New Blood Test Could Predict Cerebral Palsy Risk in Premature Babies, Study Suggests


A blood test that identifies changes in specific molecules through a tiny amount of blood collected days to weeks after birth could be used to predict the risk of cerebral palsy in premature babies, a study suggests.

The study, “MicroRNA Profile Differences in Neonates at Risk for Cerebral Palsy,” was published in the journal Physical Medicine and Rehabilitation International.

Babies born before full term, which is at approximately 40 weeks, are at risk of a variety of complications and health problems, including long-term or permanent disabilities such as cerebral palsy.

A recent study found that extremely premature and underweight newborns, namely those born at less than 28 weeks and weighing less than 2.2 pounds, have a greater risk of developing cerebral palsy or other motor impairments by the time they are 8 years old.

Identifying early diagnostic biomarkers — biological signs of disease — could help manage cerebral palsy from an early age.

MicroRNAs are small molecules produced within cells that can control the way in which genes are expressed. They can affect a range of functions in the body, including certain aspects of body development.

Abnormalities in microRNA levels have been detected in many diseases, and can, in some cases, act as diagnostic tools, which can help with early intervention.

This has been aided by technological advances that have enabled scientists to simultaneously analyze a large number of microRNAs within cells and other biological samples. Such analyses can give a picture of the levels of microRNAs in a specific sample.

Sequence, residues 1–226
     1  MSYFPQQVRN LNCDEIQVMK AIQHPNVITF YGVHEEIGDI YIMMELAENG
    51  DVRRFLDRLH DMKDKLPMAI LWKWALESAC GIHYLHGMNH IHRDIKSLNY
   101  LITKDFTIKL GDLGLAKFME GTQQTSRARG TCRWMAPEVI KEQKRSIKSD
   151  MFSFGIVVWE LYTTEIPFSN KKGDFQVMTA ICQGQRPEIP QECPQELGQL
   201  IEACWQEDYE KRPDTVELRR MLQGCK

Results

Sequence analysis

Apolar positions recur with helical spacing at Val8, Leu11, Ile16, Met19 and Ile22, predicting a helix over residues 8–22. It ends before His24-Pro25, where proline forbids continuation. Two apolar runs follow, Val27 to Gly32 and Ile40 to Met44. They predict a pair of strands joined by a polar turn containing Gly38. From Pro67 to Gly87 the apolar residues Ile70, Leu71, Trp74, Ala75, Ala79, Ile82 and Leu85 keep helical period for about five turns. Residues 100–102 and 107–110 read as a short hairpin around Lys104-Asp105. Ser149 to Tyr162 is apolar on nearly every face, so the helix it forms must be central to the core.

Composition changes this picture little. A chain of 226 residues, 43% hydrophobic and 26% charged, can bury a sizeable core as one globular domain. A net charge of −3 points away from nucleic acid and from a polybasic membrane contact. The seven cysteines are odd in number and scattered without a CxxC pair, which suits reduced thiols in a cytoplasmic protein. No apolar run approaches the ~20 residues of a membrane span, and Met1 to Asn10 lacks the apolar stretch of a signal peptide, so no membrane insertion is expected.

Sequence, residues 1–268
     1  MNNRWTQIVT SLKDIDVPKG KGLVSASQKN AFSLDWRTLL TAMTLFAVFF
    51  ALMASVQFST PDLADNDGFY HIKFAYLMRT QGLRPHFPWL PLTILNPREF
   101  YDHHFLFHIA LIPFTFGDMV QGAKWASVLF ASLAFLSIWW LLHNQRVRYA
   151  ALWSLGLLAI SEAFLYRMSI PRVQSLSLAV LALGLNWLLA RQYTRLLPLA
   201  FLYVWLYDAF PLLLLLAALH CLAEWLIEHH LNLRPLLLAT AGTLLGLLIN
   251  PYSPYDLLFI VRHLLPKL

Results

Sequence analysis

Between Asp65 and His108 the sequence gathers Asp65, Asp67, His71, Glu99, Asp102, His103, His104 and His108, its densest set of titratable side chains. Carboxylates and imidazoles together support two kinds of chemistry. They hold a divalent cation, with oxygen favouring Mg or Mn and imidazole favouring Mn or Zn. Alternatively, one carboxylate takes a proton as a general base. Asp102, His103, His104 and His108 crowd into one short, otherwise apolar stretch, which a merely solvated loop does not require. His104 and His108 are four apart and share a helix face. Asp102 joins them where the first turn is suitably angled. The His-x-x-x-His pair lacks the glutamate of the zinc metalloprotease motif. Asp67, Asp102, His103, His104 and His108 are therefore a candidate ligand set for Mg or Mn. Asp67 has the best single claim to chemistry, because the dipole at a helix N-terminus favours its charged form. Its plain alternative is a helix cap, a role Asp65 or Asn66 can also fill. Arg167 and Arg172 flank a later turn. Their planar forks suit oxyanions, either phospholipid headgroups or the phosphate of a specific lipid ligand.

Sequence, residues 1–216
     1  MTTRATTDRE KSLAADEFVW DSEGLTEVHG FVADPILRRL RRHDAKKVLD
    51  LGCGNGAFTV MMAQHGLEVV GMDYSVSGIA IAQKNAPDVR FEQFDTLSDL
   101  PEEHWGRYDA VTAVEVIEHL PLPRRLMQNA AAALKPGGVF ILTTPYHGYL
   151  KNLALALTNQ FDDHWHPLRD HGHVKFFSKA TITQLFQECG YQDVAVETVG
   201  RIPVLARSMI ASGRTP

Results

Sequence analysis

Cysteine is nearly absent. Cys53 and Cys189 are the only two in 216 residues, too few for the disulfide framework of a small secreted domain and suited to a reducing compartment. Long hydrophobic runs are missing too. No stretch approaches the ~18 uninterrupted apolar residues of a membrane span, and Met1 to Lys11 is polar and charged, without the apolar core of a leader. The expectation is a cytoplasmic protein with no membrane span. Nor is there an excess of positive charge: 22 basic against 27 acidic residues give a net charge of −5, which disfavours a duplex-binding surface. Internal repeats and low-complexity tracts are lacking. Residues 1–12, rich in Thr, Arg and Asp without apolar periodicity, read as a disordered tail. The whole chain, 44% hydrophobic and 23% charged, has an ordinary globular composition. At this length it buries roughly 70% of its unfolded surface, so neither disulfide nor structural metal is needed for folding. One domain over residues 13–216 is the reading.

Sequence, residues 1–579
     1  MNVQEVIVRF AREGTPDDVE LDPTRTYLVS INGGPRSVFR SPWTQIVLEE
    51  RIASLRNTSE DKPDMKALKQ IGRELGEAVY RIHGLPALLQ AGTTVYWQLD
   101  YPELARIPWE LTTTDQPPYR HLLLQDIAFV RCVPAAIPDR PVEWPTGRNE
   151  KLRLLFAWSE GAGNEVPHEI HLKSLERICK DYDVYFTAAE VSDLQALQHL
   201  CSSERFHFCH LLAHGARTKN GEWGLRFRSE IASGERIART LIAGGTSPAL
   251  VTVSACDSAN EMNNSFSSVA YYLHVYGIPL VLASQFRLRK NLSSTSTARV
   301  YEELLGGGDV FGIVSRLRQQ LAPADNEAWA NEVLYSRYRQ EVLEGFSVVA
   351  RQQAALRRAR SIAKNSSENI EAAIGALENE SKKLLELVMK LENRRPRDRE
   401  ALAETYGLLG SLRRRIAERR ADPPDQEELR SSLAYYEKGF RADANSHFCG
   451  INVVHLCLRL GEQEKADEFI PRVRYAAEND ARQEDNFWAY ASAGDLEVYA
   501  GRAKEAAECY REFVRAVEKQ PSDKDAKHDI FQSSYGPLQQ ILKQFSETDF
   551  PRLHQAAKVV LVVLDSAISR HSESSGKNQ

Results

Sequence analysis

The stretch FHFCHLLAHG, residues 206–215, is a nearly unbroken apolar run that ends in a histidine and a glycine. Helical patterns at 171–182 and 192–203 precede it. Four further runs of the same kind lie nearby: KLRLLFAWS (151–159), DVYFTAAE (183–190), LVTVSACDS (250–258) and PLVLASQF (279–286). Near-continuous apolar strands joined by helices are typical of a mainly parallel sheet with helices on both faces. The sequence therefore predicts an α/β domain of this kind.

The team analyzed levels of 752 microRNAs from 31 blood samples obtained from premature babies, born at less than 32 weeks and weighing less than 3 pounds.

They successfully identified distinctive microRNA profiles that were changed in children with abnormal muscle tone and intraventricular haemorrhage (IVH) — a type of bleeding that takes place inside the fluid-filled areas of the brain — both considered to be risk factors for cerebral palsy.

A total of 70 microRNAs were found to be at abnormal levels in infants with abnormal muscle tone, and 23 micoRNAs were at abnormal levels in the IVH group.

“If our promising results are confirmed in larger, multicenter studies, screening preemies for microRNA biomarkers shortly after birth could allow intervention before cerebral palsy manifests, which is typically at 18 months to 2 years of age,” senior author Maria Dizon, MD, neonatologist at Ann & Robert H. Lurie Children’s Hospital of Chicago and an assistant professor of pediatrics at Northwestern University’s Feinberg School of Medicine, said in a press release. “With earlier diagnosis and therapy, the chances of achieving better motor function are much greater since the central nervous system is most plastic in infants.”

Although the study had some limitations, including sample size and few subjects diagnosed with cerebral palsy, “it represents an important first attempt in identifying specific plasma miRs important in preterm brain injury leading to motor dysfunction,” the researchers wrote.